In my previous post, I made the argument that economists need to think carefully about the political process. Yes, exchange occurs in markets, but exchange also occurs in other, non-market contexts. In this post, I would like to dig in a little more and explore this idea of politics as a form of exchange.
In order to think about this, I would like to organize the discussion by starting with the Coase Theorem. What the Coase Theorem basically says is that in a world with transaction costs, the assignment of property rights matters for the outcome. (As an aside, people often incorrectly assert that the Coase Theorem says that the assignment of property rights doesn’t matter when there are no transaction costs. This is not the Coase Theorem. This is a corollary of the Coase Theorem.)
Suppose a railroad is built and runs parallel to farm land. When a train passes by a farm, it might create sparks and catch the neighboring crops on fire. This imposes a cost on the farmer(s). What happens in this sort of scenario? The Coase Theorem says that what happens will depend on the definition of property rights. Does the railroad have the right to throw sparks from the railroad tracks even it harms the adjacent land? Or does the throwing of sparks violate the farmers’ property rights to the land?
In a world of zero transaction costs, it doesn’t matter how property rights are assigned. If the value of running the trains exceeds the costs of the damages, the parties can bargain away the problem.
However, in a world of positive transaction costs, the assignment of property rights matters. If the transaction costs of negotiating are sufficiently high and the railroad’s bundle of property rights includes the ability to throw sparks, the farmers will be stuck with damaged crops or possibly be forced to abandon the adjacent land for farming. On the other hand, if the property rights belong to the farmers and the cost of operating the train plus the cost of the damages plus the transaction costs exceed the value of running the trains, then no trains will run.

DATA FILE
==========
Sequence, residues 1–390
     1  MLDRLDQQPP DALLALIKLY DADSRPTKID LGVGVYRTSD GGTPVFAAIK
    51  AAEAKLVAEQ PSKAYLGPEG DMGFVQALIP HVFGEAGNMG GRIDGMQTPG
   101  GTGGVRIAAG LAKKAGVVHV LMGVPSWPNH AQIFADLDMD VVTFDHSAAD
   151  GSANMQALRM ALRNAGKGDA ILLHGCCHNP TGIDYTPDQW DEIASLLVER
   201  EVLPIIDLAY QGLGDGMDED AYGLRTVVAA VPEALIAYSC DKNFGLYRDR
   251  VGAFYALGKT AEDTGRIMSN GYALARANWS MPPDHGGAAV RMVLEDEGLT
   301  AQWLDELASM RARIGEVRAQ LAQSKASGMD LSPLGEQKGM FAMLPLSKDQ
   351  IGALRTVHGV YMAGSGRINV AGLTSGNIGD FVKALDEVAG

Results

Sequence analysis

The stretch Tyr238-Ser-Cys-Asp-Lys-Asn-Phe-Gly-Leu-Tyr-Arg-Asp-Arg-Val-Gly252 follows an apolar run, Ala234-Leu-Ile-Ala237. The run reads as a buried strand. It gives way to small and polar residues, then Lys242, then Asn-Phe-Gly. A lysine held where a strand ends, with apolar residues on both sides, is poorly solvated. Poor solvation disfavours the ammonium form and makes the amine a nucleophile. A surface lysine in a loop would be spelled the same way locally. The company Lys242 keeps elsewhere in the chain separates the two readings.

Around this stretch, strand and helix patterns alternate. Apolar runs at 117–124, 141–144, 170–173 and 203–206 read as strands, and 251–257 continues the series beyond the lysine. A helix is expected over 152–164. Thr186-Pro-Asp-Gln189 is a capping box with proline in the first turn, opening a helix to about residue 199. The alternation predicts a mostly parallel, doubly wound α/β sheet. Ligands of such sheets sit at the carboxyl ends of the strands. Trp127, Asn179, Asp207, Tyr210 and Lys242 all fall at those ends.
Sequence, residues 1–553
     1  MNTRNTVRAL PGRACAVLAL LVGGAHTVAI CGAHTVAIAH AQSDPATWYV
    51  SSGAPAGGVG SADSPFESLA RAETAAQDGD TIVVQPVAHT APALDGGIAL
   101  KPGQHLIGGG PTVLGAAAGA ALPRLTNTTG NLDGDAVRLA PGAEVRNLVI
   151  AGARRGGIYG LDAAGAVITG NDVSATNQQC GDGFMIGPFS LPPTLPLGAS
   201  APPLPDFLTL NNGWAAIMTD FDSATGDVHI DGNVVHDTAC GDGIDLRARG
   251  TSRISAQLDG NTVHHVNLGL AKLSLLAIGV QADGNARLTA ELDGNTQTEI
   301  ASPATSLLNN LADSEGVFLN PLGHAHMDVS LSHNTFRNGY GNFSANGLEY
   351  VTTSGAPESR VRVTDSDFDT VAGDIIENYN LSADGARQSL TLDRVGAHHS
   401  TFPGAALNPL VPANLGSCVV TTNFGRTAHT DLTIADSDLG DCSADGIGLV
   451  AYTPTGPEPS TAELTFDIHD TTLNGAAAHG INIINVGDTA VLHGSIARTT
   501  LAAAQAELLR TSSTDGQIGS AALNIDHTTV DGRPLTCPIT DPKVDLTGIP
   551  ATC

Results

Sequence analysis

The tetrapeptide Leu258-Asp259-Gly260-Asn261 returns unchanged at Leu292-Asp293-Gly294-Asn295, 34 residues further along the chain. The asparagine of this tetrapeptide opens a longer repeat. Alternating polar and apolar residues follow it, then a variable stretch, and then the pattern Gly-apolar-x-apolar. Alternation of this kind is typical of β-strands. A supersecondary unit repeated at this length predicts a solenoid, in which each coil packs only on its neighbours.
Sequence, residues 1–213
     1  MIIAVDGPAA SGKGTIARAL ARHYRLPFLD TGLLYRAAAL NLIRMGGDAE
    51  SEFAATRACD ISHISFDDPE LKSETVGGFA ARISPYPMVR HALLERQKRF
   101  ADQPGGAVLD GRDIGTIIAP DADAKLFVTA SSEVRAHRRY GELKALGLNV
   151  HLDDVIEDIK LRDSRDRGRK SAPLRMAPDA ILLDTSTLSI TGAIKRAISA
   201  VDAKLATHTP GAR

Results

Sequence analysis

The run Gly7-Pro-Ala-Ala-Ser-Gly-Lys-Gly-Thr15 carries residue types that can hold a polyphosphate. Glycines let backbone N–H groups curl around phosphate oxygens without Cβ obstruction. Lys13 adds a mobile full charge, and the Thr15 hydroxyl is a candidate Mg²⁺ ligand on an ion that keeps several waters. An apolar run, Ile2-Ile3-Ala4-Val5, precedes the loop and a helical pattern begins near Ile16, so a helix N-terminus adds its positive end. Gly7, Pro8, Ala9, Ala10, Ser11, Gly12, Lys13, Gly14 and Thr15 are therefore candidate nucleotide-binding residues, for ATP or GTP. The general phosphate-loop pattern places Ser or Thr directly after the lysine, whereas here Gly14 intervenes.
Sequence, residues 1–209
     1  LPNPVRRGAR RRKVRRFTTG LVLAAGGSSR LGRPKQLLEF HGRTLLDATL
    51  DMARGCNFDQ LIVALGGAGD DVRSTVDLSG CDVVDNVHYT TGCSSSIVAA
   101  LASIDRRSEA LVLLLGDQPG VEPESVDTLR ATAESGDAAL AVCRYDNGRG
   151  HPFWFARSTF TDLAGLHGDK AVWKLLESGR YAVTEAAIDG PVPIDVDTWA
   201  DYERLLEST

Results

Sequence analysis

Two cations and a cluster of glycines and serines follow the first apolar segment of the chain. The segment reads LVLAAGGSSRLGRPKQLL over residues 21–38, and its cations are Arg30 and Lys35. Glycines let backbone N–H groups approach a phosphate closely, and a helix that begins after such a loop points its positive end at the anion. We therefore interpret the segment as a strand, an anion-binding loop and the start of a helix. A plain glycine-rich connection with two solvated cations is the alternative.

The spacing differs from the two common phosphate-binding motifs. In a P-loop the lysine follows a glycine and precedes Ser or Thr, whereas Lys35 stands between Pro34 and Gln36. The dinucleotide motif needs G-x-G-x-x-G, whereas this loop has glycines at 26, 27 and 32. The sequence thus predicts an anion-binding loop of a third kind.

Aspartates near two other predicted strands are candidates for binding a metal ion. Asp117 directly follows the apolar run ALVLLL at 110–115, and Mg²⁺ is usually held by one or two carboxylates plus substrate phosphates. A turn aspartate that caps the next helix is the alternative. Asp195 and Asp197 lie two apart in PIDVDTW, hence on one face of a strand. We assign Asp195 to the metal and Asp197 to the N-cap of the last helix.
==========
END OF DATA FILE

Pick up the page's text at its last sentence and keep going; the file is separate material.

Thus, when transaction costs are high, this naturally raises questions about what should be done.
One way of addressing what should be done is to focus on the legal system. How should property rights be assigned? This approach to the problem amounts to considering whether we would be better off without the train or with damaged crops. Property rights should be assigned based on this judgment.
Another way of addressing the problem is by addressing transaction costs directly. Could public policy reduce transaction costs sufficiently to allow private bargains to occur? Or, alternatively, can public policy be designed to produce the outcomes that would occur in the absence of transaction costs? For example, if the railroad’s bundle of property rights includes the right to throw sparks, policymakers could require railroads to purchase enough land adjacent to the tracks to prevent any sort of fire or could require all trains to install devices to prevent sparks.
The railroad/farm example is an externality. I’ve written about externalities before and the various roles for policy under different circumstances, focusing specifically on how many people are harmed and how many are doing the harming. However, the lessons about transaction costs and the corresponding role of public policy need not apply only to externalities.
In my last post, I argued that public policies that relate to the family look a lot like an inter-generational contract. The basic idea was that public policy can facilitate something that resembles a desirable inter-generational contract even when the family itself cannot produce the contract on its own.
When I think about public policy, I like to examine it through this lens. Why do particular policies exist? When I offer the contractual argument for family-related policies, I do not get a lot of pushback. This is probably because things like public schools, Medicare, Social Security, and laws against child abuse are quite popular. Nonetheless, I am especially interested in taking this approach with unpopular policies. If an unpopular policy exists, it might be due to flaws in the political process. However, it also could be that the policy is not well understood and a “policy as contract” approach might be helpful.